It is preferred in the present invention that the α-olefin/aromatic vinyl compound random copolymer (C) be an ethylene/aromatic vinyl compound random copolymer and that the α-olefin/aromatic vinyl compound random copolymer (C) contain structural units derived from an aromatic vinyl compound in an amount of 1 to 80 mol %.

Further, the second and third hot-melt adhesive compositions of the present invention may comprise a low-molecular-weight polyolefin (D) in an amount of 1 to 100 parts by weight per 100 parts by weight of the base polymer (A) in addition to the base polymer (A), the tackifier (B) and the α-olefin/aromatic vinyl compound random copolymer (C).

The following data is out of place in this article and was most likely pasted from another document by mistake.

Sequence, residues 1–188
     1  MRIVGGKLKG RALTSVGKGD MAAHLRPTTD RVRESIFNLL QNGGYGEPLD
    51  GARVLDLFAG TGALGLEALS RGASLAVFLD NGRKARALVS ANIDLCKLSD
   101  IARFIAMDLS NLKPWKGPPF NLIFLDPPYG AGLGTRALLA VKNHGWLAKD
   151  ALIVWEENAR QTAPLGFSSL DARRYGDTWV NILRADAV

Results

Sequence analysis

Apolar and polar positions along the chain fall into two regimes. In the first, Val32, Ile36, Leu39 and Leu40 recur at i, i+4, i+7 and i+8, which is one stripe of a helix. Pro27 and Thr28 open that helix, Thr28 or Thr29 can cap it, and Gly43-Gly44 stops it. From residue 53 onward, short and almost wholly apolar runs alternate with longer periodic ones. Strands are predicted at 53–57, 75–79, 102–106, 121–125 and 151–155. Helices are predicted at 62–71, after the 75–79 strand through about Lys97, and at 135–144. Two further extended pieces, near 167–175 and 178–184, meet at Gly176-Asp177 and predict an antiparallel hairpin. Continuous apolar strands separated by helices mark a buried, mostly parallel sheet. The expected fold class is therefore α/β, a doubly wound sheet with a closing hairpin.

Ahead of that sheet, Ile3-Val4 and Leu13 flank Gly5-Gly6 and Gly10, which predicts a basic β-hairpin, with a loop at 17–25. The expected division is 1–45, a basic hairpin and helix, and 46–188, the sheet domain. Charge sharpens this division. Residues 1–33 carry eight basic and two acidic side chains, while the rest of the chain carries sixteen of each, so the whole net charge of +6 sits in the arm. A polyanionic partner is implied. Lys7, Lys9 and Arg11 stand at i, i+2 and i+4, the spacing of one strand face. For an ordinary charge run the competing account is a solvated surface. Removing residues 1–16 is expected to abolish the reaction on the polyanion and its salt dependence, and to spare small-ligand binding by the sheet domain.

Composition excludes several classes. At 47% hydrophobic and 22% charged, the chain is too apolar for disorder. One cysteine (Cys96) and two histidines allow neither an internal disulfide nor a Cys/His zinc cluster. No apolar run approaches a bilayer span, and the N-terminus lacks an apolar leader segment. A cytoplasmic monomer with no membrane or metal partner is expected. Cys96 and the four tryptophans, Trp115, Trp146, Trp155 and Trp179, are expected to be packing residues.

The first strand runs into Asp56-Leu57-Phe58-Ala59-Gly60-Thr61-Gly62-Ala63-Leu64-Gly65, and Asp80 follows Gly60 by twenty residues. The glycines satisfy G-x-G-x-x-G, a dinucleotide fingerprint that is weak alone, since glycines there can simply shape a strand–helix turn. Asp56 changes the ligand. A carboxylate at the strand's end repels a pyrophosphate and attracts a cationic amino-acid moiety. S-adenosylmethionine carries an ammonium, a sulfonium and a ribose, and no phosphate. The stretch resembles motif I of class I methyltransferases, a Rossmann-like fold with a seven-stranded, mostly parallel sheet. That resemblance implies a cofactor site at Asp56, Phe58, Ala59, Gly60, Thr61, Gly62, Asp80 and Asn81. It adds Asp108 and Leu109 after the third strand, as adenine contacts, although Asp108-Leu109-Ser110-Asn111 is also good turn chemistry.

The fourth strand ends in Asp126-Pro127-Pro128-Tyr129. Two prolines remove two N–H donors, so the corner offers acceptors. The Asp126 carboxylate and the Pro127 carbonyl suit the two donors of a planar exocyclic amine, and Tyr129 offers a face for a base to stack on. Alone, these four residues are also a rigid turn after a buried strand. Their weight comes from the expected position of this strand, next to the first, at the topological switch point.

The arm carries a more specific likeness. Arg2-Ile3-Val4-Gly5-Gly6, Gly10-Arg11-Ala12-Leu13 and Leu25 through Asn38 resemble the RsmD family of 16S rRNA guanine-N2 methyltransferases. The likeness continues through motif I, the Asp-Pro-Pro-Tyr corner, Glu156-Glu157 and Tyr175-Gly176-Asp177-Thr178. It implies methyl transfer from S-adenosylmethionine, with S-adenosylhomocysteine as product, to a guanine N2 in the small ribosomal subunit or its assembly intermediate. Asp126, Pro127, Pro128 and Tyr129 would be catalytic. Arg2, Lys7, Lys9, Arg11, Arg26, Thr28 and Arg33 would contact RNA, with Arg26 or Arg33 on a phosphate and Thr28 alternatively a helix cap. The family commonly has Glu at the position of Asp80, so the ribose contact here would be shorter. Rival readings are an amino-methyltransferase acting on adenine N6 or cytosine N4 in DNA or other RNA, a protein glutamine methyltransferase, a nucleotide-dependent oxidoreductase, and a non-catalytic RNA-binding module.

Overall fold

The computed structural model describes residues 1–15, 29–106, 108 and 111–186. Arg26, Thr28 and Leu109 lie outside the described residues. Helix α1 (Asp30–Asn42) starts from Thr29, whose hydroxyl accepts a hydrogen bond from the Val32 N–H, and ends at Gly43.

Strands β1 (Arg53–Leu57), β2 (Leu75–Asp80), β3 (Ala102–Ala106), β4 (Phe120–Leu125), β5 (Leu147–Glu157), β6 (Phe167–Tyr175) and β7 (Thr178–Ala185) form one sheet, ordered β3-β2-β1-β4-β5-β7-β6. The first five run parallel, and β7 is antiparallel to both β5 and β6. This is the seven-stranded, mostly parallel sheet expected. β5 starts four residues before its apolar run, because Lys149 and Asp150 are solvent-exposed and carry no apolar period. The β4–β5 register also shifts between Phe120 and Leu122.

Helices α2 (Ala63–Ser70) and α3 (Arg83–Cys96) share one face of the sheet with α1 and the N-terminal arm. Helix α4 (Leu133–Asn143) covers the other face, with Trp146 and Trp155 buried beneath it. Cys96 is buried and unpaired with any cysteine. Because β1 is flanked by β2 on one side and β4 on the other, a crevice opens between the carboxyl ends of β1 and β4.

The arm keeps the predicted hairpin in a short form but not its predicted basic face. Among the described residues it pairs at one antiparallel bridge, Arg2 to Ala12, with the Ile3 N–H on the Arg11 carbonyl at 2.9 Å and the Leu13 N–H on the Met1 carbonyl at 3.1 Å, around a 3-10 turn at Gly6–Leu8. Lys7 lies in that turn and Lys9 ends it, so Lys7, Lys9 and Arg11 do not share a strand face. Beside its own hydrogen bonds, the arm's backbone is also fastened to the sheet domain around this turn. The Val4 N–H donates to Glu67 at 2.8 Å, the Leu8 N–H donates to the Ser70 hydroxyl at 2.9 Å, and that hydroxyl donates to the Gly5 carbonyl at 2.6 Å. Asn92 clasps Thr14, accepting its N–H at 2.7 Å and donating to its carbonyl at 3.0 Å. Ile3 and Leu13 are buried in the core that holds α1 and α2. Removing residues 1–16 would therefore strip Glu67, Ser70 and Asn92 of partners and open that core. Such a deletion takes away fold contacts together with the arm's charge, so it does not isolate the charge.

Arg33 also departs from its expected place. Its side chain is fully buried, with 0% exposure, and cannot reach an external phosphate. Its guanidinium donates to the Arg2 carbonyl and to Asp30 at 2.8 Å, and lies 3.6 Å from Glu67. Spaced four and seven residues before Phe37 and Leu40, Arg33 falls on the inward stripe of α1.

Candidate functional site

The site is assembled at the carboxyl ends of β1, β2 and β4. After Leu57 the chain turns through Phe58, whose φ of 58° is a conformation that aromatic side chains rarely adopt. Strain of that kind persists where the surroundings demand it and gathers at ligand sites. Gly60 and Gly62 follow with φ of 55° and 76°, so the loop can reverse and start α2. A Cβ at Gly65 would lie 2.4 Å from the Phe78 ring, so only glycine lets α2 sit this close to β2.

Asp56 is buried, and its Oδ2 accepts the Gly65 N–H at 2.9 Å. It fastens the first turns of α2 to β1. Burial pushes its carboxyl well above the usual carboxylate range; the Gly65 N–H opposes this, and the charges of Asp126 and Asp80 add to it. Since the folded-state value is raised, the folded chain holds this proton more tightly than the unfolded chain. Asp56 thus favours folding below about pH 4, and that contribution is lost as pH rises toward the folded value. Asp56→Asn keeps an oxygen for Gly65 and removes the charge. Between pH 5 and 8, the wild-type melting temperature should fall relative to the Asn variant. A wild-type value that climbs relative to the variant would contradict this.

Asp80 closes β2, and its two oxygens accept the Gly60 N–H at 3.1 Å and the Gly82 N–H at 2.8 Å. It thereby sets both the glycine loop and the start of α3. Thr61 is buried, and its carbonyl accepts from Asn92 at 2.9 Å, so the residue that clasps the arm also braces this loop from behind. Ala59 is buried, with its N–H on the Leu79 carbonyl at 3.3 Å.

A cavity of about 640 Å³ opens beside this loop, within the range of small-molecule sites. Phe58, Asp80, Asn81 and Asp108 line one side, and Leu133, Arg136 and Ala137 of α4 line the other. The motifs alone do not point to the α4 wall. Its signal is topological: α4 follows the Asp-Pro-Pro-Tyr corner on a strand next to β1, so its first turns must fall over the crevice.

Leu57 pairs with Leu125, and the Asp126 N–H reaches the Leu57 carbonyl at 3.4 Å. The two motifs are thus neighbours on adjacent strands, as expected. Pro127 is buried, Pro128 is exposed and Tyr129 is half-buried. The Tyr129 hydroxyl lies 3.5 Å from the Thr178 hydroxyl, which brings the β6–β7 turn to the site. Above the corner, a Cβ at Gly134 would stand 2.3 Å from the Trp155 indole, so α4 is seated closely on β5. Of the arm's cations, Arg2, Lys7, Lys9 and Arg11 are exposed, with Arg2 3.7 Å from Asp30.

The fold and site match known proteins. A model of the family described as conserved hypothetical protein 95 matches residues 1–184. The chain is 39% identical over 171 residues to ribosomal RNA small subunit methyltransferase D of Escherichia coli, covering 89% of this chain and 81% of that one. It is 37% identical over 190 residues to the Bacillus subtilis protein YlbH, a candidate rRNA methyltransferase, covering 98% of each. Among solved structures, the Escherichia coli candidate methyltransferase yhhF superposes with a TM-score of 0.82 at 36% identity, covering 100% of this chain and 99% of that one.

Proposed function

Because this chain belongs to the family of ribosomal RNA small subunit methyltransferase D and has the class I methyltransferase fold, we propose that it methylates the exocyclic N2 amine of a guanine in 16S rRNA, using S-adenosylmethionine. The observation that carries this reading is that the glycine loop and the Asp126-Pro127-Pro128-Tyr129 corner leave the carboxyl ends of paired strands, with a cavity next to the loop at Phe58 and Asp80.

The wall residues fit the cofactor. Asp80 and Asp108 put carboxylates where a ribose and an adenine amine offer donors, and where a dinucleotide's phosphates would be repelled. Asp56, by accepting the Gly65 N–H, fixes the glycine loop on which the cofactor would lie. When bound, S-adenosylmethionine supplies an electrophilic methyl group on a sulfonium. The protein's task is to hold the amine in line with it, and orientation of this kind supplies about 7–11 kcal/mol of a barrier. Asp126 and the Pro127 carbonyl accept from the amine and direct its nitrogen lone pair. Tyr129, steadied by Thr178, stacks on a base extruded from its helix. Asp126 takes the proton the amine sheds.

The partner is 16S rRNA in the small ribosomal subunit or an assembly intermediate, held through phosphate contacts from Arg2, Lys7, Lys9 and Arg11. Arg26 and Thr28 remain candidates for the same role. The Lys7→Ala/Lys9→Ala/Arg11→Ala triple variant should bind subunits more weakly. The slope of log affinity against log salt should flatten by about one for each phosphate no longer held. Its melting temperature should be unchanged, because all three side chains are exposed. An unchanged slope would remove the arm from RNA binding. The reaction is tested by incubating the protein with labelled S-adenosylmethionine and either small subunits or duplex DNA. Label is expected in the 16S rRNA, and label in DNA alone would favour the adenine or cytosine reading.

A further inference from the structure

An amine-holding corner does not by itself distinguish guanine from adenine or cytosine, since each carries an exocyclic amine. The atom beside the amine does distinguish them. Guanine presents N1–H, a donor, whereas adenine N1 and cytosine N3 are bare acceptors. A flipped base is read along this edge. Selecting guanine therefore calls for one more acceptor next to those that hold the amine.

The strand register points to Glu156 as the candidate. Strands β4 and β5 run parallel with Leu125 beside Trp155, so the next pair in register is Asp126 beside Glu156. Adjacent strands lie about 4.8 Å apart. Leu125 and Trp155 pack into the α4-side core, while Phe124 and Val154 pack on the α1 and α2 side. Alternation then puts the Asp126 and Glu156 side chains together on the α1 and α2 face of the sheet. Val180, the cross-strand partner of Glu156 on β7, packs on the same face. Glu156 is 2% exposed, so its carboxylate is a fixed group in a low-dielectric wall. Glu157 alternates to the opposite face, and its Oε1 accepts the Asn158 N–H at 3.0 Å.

The first hot-melt adhesive composition of the present invention may comprise a low-molecular-weight polyolefin having an intrinsic viscosity (η) of 0.01 to 0.6 dl/g (D) in an amount of 1 to 100 parts by weight per 100 parts by weight of the tackifier (B) in addition to the tackifier (B) and the α-olefin/aromatic vinyl compound random copolymer (C).

DETAILED DESCRIPTION OF THE INVENTION

The hot-melt adhesive composition of the present invention will be described in detail below.

The first hot-melt adhesive composition of the present invention comprises a tackifier (B) and an α-olefin/aromatic vinyl compound random copolymer (C) optionally together with a low-molecular-weight polyolefin (D).

Each of the second and third hot-melt adhesive compositions of the present invention comprises a base polymer (A), a tackifier (B) and an α-olefin/aromatic vinyl compound random copolymer (C) optionally together with a low-molecular-weight polyolefin (D).

First, each of the above components (A), (B), (C) and (D) for use in the present invention will be described.